You don't pick numbers. There's just tickets, and you buy them. They come in large sheets and you can buy a whole sheet, or just one. I figure that when you buy a lottery ticket, what you're really buying is dreams: You get to dream about what you'll do if you win. So the farther away the drawing is, the more the ticket is worth, because you get to dream for longer. But two tickets are worth no more than one, because you still get the same amount of time to dream. With weekly lotteries, you mostly only get six days or less to dream. But they have a really big one once a year that goes on sale much earlier. A few months, IIRC. I did buy one once. ONCE is a good organization, AFAIK, so I didn't mind giving them the equivalent of about $5. I didn't win, of course, but for a few months I got to dream about what I'd do with all that money. I forget now, but I think it was something like $50 million. It's the only time I've bought a lottery ticket. I have no regrets over the $5, it was kind of fun, but I also have no interest in doing it again.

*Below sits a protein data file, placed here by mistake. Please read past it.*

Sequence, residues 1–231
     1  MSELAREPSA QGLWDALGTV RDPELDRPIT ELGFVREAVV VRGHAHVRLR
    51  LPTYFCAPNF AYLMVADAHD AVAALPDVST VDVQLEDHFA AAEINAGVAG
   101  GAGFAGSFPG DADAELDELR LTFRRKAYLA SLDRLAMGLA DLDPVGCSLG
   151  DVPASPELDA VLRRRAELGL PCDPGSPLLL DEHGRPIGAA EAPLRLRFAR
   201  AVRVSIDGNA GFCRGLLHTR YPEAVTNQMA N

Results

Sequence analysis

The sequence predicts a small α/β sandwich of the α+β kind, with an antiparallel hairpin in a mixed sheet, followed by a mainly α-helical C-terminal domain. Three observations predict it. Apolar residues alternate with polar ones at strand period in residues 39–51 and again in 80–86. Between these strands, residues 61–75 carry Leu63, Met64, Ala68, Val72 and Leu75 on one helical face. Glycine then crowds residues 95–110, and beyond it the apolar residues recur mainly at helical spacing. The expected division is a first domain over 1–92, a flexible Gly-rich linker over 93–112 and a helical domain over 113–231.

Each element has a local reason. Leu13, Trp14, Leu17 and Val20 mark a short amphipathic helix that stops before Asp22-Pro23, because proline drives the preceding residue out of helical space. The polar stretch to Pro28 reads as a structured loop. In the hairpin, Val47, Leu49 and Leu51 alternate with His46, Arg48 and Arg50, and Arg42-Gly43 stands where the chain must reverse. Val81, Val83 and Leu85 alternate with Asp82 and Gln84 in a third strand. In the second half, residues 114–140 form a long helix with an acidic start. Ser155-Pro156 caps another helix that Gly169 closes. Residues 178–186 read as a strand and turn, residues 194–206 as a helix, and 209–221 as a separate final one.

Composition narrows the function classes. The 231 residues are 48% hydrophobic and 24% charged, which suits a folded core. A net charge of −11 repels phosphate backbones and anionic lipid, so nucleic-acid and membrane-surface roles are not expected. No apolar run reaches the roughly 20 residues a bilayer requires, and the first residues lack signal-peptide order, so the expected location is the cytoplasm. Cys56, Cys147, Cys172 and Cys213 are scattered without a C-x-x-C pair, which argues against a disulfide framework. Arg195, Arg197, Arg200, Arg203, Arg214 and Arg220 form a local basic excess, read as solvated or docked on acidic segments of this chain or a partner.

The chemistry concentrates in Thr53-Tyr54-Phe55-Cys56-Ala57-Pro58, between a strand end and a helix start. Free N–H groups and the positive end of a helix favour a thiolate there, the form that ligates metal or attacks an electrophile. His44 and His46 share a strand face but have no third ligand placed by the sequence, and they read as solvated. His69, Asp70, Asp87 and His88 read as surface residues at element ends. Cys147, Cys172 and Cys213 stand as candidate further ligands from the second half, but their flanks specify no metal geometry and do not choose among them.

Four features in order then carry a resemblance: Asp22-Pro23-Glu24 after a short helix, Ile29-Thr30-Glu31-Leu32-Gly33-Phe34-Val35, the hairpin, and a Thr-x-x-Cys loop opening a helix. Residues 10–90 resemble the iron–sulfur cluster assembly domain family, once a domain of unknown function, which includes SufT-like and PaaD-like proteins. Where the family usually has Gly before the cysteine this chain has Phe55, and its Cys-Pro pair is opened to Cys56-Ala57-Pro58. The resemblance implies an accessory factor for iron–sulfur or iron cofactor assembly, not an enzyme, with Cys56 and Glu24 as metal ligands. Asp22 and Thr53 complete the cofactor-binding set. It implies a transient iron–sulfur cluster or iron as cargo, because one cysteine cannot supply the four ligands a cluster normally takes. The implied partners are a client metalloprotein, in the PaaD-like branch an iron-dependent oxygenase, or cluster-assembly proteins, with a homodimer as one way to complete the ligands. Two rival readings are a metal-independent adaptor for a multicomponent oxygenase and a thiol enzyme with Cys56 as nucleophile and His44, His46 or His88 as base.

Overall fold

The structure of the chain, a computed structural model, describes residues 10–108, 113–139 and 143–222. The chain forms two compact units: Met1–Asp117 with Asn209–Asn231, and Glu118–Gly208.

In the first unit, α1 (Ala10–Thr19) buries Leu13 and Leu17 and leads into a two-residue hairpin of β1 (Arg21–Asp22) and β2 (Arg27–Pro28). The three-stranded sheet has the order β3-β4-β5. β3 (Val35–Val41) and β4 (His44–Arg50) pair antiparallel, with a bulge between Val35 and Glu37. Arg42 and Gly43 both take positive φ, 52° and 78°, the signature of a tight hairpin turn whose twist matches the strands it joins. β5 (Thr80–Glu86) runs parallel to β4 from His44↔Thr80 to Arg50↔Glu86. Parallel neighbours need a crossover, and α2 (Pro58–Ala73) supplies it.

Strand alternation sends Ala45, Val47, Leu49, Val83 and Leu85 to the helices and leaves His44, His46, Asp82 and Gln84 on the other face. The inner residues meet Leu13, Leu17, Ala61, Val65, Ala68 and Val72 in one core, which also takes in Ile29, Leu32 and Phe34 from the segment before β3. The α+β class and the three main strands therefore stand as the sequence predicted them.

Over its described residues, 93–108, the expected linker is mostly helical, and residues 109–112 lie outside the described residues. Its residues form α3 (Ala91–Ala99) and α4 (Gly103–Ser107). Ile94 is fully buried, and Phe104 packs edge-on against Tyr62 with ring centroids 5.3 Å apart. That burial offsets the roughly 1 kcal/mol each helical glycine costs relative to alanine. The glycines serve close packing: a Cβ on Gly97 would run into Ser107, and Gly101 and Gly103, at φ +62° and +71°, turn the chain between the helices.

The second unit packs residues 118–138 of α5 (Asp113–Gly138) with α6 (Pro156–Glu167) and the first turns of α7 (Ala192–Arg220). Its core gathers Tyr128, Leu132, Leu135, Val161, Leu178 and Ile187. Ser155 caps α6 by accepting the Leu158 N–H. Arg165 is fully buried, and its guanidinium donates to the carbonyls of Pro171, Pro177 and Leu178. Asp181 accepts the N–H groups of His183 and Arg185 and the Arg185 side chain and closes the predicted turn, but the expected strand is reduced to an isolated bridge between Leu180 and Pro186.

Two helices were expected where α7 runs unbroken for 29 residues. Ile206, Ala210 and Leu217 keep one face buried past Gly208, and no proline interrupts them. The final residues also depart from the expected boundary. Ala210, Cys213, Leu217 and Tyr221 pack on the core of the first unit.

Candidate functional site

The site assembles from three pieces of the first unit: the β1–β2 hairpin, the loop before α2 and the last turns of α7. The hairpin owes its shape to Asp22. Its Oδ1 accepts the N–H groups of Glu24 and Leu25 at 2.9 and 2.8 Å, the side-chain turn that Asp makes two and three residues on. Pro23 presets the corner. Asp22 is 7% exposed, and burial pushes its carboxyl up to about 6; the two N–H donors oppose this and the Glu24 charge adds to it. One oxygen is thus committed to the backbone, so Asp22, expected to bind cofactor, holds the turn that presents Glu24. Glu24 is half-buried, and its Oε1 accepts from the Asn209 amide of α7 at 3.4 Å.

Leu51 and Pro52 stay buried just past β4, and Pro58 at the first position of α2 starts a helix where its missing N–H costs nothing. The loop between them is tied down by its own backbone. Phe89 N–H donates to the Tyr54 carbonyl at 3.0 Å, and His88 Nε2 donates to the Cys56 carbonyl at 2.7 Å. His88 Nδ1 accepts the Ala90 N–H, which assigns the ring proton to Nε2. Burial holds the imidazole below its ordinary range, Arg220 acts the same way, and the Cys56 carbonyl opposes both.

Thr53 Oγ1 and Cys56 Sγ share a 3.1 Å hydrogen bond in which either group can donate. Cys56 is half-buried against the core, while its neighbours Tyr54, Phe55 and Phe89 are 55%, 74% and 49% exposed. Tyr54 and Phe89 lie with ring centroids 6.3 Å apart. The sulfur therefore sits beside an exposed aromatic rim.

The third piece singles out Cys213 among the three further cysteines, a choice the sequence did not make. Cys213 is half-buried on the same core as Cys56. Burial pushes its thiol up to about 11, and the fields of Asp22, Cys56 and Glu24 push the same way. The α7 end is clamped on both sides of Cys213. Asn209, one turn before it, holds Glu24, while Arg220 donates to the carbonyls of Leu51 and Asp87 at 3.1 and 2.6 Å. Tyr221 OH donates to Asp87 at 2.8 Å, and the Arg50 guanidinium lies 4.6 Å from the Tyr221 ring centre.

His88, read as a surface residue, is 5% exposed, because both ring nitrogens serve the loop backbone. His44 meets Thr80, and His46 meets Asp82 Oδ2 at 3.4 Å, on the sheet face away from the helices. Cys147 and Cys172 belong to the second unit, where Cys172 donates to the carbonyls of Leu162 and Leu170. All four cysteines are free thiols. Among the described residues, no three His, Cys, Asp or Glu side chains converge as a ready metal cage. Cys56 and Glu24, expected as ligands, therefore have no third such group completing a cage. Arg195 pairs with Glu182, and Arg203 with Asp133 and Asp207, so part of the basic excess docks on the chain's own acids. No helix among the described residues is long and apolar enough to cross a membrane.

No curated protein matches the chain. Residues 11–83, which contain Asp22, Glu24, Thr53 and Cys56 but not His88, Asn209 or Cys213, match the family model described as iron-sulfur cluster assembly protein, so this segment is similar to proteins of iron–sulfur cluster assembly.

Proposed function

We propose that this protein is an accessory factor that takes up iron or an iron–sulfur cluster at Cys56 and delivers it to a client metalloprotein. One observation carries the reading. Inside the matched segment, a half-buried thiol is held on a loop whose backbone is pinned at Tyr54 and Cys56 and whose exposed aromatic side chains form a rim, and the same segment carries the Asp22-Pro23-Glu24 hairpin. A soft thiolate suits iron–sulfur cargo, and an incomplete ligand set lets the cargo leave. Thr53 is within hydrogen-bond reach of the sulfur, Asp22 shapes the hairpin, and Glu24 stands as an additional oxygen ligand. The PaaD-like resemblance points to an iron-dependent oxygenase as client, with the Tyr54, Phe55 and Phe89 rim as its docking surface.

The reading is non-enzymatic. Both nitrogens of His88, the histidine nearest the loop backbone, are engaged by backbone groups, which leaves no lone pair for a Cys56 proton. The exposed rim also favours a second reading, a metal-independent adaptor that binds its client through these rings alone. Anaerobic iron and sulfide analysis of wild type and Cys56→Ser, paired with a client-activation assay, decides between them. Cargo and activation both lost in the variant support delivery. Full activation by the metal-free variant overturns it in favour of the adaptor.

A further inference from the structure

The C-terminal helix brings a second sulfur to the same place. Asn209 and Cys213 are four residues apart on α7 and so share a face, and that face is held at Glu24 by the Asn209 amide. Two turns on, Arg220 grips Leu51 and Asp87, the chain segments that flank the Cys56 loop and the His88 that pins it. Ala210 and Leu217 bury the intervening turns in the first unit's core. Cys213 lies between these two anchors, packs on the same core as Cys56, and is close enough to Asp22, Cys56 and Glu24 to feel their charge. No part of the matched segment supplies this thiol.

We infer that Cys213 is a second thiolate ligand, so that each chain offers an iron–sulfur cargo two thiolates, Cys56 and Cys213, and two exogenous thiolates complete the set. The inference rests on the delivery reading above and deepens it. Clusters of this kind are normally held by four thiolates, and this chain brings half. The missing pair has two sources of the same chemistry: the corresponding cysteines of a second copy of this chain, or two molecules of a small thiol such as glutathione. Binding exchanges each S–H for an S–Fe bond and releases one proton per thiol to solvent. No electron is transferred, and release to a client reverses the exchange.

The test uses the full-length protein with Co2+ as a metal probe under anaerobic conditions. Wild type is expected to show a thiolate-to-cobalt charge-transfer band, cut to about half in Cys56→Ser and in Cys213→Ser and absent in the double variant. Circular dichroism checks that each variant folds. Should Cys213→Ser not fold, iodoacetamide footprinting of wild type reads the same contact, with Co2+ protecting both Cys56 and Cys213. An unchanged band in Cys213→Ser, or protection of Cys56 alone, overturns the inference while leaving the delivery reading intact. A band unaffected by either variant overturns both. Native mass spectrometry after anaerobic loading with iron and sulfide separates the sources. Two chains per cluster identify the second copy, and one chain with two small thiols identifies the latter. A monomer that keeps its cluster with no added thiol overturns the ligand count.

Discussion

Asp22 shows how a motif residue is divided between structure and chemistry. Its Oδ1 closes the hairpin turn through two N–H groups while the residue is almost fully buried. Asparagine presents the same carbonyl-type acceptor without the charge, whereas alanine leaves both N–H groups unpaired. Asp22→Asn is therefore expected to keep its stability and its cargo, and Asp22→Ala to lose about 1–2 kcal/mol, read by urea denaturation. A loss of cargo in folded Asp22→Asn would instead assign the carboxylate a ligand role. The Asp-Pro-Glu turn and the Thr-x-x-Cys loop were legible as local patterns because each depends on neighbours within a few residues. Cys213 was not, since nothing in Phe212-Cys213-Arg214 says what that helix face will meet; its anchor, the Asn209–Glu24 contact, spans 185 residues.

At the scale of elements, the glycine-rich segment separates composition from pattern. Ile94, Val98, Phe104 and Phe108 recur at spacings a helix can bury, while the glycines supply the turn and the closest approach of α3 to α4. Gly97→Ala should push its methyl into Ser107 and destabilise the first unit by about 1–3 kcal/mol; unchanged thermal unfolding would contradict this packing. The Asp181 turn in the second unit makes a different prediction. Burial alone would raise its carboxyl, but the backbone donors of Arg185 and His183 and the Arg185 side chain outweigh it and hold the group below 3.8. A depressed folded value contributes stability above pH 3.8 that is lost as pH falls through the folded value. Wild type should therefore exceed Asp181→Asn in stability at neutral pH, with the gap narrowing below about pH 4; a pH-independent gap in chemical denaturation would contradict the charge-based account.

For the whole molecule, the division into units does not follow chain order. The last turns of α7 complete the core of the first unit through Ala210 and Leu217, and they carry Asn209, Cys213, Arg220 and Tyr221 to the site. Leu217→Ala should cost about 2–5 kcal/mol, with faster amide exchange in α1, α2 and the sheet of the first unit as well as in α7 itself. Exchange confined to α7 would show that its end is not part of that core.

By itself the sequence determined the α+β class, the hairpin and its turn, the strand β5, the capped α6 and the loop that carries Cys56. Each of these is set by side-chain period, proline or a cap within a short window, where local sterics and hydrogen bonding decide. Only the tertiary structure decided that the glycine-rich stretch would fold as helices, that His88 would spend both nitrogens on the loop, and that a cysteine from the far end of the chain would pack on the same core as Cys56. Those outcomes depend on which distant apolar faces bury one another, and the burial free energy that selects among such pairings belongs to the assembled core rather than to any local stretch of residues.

On a separate line of thought: When figuring the "value" of a ticket, do you take into account the inevitable threats on your life from crackpots, attempts to kidnap your loved ones, bags of mail from people with inventions they want you to bankroll, possible abuse of your kids by schoolmates, or the need to move into a secure gated community and send your kids to a posh private school, etc. if you win? Or do you just figure that if you had $350,000,000 and an after-tax income of around a million, you'd want to move in among the equally-rich and hire bodyguards and secretaries anyway?
     
  9. richkae

    richkae VIN587

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    You are much better off with a $1 ticket with a 51% chance of winning $2
    That lets you "remove chance" by repeating thousands of times, and have a positive expected value.
    The expected value of the lottery is zero.